Chris: The model applies better to sports. Suppose Michael has made 80 of his last 100 free throw attempts. Larry has made 2 out of 2 free throws. Who is the better player? Larry has the better average, but I’d bet on Michael, given only that information.

But if I knew, for example, that Michael and Larry were professional basketball players, I would not start with a uniform prior. I’d start with a fairly informative prior that puts a lot of probability around whatever the average free throw percentage is for professional basketball players. That could change the bet of which is the better player.

I have had the same question when I tried to buy staff from amazon. I like your idea.

The main problem with such a bayesian argument that I see is the Beta(1,1) prior. I think I would choose different, larger paramaters, based on how often someone with no feedback is likely to have bad service.

Pics, or it didn’t happen:

Beta(3,1) PDF & CDF

http://www.wolframalpha.com/input/?i=beta+distribution+with+alpha%3D3+and+beta%3D1#

Beta(91,11) PDF & CDF

http://www.wolframalpha.com/input/?_=1317191370801&fp=1&i=beta+distribution+with+alpha%3d91+and+beta%3d11&incTime=true#

John – Am completely clueless about statistics but thanks for illustrating the why and the how behind judging information, that too with a relatable example. Appreciate it!

I feel like this could turn into an App. Not only for Amazon — for Elance, Odesk, or any site with user ratings.

The company’s Sort should be working with a functional … and you’ve just suggested a good one. (A different prior could be used for ratings that come from untrustworthy users.)

1) It’s not true that you expect service quality to be randomly distributed from 0 to 1 for a new seller. You would want to look at the average quality of new sellers in the past. I have no data other than my own experience as a frequent user of ebay and amazon since 1998, but I would guess it would be more like around 0.9, which changes the math considerably – enough that the seller with the highest percentage score is the way to bet unless he has very little feedback.

2) It’s kind of weird to illustrate your point with an example in which your idea doesn’t apply. Clearly you need feedback numbers well below 800 before this issue is worth thinking about.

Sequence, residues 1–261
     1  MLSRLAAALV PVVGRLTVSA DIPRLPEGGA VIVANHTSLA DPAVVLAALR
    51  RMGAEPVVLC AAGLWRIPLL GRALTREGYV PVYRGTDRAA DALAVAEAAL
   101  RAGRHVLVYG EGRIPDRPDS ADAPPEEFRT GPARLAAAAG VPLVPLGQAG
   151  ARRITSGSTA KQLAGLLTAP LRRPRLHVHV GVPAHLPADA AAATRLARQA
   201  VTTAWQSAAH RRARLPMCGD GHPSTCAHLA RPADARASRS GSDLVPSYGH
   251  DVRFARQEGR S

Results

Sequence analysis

The post would have been better if it had given some idea of how little feedback a seller should have before you worry about it.

I still didn’t catch the answer to your question “Which of the three resellers is most likely to satisfy a customer?”. So which is it now? None of them?

Josh: It turns out in the first example that the reseller with the highest average is also most likely to satisfy customers.

human mathematics: There’s an app for that, or at least a very good head start. The Inequality Calculator that I liked to calculates these kinds of inequalities, and it draws pictures. It plots the two density curves on top of each other so it’s easier to compare them. Calculating beta inequalities is numerically tricky, but the other two links explain how it can be done.

I added an image based on your suggestion. I first used the image from Inequality Calculator, but the image above from Sage scaled better so I posted it instead.

I think the analysis fails to take one thing into account (which may or may not be able to be taken into account). That is, the amount of time that the entity being reviewed has been receiving reviews. In the example, how are the values skewed if the entity with 100 reviews has been around receiving reviews for five year and the one with two reviews has been around receiving reviews for one week?

John,

Very nice post. The comment about the choice of prior other than beta(1,1) actually makes (indirectly) the very salient point that the prior is YOUR prior beliefs, and you’re welcome to use your prior beliefs quantified rather than a nice conjugate prior. One of the beauties of the Bayesian way.

Many people get caught up in the average value rather than in what went into the average. Just as, many people and the press get swayed into reporting results from small observational or clinical trials as the truth, not understanding that the number of subjects and the variability is what’s important to assess the result’s importance.